Once you’ve unpacked your anger and have more clarity, you need to work through your raw feelings. Sometimes you can do this work yourself, but you will need to seek help from a professional therapist in other cases. For example, if you and your partner keep fighting over the same set of issues such as finances, maybe it’s time to seek marriage counseling.  

How to make anger more productive

As mentioned earlier, anger can be a helpful emotion but only if you make it so. If you let your anger take control of you, it takes a toll on your mental health and makes you do and say things you regret later. 

You can choose to take control and use this emotion productively. Here are three tips for anger management:. 

1. See anger as a symptom

Remember that anger is a symptom of other underlying issues. Try to understand what your anger is communicating to you. For instance, you might be upset because of a sarcastic remark your partner made five minutes ago. Use the anger iceberg discussed earlier to understand where your anger is coming from and take corrective steps. 

2. Examine your thoughts

According to the famous CBT triad (Cognitive Behavioral Therapy) in psychology, feelings are linked with thoughts.

Have you ever felt upset at your partner for no reason at all? Maybe unhelpful, negative thoughts were running in your head that caused anger. If you feel angry without reason, try to observe your thoughts and get rid of the unhelpful ones.

3. Practice relaxation techniques 

When you’re in a fit of rage, it’s easy to become tense and irrational. Relaxation techniques such as deep breathing, stretching, walking, and progressive muscle relaxation can help you become grounded and calm down.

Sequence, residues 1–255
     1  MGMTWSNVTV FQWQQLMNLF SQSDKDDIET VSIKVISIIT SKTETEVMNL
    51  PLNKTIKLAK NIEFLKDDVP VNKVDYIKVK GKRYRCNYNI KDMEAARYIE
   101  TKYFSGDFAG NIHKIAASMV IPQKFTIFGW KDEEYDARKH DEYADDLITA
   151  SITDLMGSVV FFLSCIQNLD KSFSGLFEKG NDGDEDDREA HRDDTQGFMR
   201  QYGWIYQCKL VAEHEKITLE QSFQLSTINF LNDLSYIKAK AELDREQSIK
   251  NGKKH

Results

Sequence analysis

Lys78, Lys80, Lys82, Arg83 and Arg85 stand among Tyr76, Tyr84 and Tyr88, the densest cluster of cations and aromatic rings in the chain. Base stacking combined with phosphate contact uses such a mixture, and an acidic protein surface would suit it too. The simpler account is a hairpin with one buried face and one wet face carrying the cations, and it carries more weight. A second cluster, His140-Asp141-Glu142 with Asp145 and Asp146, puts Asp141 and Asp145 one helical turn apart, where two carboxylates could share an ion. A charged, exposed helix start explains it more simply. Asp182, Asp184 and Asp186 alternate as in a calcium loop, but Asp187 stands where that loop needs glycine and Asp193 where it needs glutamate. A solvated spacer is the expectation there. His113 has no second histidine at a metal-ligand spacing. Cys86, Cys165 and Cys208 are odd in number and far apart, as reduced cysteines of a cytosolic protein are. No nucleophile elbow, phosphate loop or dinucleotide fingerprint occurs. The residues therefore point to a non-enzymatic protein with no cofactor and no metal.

Tips for listening to your partner’s anger

You might have to deal with your partner’s anger, whether they are mad at you or someone else. The easiest thing is to tell your partner to calm down and relax. 

It’s very common to become defensive, however, this is not the best approach. Here are two practical tips to help you listen to their anger:

1. Accept responsibility for your actions 

When your partner is angry, it’s easy to play the blame game and say things like “It’s not my fault you did XYZ!” or “You should’ve been more careful”. Such statements only aggravate the situation and intensify your partner's anger.

Sure, it’s possible that your partner might be at fault but it’s equally possible that you’re at fault too. Examine the situation closely and identify where you might have messed things up. Acknowledge and accept responsibility for your actions. Apologize to your partner for the mistakes you made. 

When things have cooled down a bit, sit down together and have a discussion around how both of you can avoid repeating the same mistakes in the future. 

2. Don’t give advice

Another big mistake many of us make in relationships is offering advice when the other person’s angry. You might do it with the best intentions, but it doesn’t help your partner and only adds to their frustration. You should listen to and accept their anger as it is. 

Managing anger in relationships

All in all, see your anger (or your partner’s anger) as one emotion on a spectrum of emotions. Instead of labeling it “bad”, use the anger iceberg to explore it.

If you find yourself getting angry easily, learn anger management techniques to help calm yourself down. If you’re on the receiving end of an angry partner, keep in mind what you should and shouldn’t do. With a better understanding of anger, you and your partner can experience better physical and mental health.

Sadia Maqsood

Sadia Maqsood is a professional blogger, published author, and freelance writer with over 3 years of experience in writing about relationships, psychology, and self-improvement. She holds a degree in Psychology. Her work has appeared in Thrive Global, The Good Men Project, and top Medium.com publications. When she's not writing, she's immersed in true crime. She tweets @becomingsadia.